Those of you who are (un)lucky enough to have a sister (and if she is unmarried),
here's a warning. The next time you see her coming towards you, bright-eyed and
wearing a charming smile, don't think for one tenth of a second, just run! Sisters
are not what they look like; they are the personified version of everything that
can go wrong with you, the cause of every misery you face, just to get themselves
married. They will make you sacrifice your love, sell your house, work overtime,
fight on the roads, put your "pagdi" at her father-in-law's feet, and much more.
No, these are not my words. This is what the director Jayant Gilatar (whoever he is) wants to say through this movie.
It all happens in a village somewhere (probably in Ooty where the producer pays Mithun the charge of the crew's stay in his hotel along with the acting fee). In the village live a poor potter Keshav (Mithun Chakraborthy) with his 18-year-old sister Mehndi (Rajeshwari Singh) and his father. The mother is dead (and the producer saves some money). To add to his woes, the sister is dumb (I mean, speech impaired) and the father is a useless dipsomaniac who uses every excuse under the sun to borrow money for his drinks.
Keshav's only ambition in life is to get his sister married, innovatively conveyed to you through his waking up every morning shouting, "Meri behen ki shaadi ho gayi, meri behen ki shaadi ho gayi!" In the little time that he gets between dreaming about his sister's marriage and carrying on his business, he manages to fall in love with a weaver's daughter called Janki (either Sindhu or Sheena, I could never make out who is who), and some irritating songs follow. He decides he will marry her after his sister's marriage.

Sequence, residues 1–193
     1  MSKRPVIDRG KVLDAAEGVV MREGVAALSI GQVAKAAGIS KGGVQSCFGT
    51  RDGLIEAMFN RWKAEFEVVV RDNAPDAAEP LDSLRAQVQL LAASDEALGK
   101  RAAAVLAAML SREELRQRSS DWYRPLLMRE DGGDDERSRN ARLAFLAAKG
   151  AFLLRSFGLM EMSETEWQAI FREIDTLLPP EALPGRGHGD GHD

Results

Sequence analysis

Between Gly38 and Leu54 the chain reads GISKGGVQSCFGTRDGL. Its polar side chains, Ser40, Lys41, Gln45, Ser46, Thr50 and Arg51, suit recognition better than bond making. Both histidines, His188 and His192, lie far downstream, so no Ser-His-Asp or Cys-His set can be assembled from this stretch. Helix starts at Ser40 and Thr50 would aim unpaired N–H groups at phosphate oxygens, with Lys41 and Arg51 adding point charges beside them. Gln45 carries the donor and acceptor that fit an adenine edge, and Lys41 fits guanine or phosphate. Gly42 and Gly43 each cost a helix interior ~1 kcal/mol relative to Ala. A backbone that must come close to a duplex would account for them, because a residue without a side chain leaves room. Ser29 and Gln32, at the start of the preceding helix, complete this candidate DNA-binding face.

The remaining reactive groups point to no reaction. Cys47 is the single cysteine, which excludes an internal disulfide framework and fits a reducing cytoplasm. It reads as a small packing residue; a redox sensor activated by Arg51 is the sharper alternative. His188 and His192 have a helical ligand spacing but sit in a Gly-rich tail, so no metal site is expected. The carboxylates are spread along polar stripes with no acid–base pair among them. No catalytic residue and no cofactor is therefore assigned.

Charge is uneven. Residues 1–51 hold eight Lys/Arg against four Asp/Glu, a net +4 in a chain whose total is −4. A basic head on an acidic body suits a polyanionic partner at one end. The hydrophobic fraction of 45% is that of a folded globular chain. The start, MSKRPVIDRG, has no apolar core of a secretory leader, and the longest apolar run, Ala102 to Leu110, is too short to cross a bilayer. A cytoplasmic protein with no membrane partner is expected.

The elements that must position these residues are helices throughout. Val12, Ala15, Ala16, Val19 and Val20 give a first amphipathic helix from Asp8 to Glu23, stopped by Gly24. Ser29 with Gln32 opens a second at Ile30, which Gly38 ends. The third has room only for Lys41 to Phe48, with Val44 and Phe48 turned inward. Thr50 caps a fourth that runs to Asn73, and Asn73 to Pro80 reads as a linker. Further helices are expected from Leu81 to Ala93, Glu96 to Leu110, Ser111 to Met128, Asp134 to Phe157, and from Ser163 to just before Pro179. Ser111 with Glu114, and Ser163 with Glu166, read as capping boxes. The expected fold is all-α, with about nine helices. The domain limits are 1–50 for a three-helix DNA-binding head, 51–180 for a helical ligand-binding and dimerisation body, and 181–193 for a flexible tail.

But, there is another lady called Lajo who loves Keshav (and lifts her skirts a bit too high and bathes in the open to grab his attention). She has a mother and a brother in Dubai. Lajo's mother asks Keshav to marry Lajo in exchange for her son marrying Mehndi when he returns from Dubai. Keshav sacrifices his love for his sister and agrees (did you carry your tissues along?).
The Dubai boy returns with perfumes, colour TVs, music systems and an attitude, and refuses to marry a dumb girl. All hell breaks loose at this, Keshav vows to take "badla" and get his sister married to a better guy, and blah blah blah.
It is not much of a surprise because this is what you expect from a Mithun movie. What shocks you though is the presence of Rajeshwari Singh in the movie. I could never believe that an award winning actress of such talent who has worked with ace Hollywood director Martin Scorcese (The Godfather) and Keanu Reeves (The Little Buddha) could agree to do such a demeaning role.
The movie is crap, and the fact that issues like women's rights, dowry and rural
upliftment are dealt with such ridicule and disgrace makes you feel all the more
miserable. I can't believe I drove half an hour in the rain to watch this one.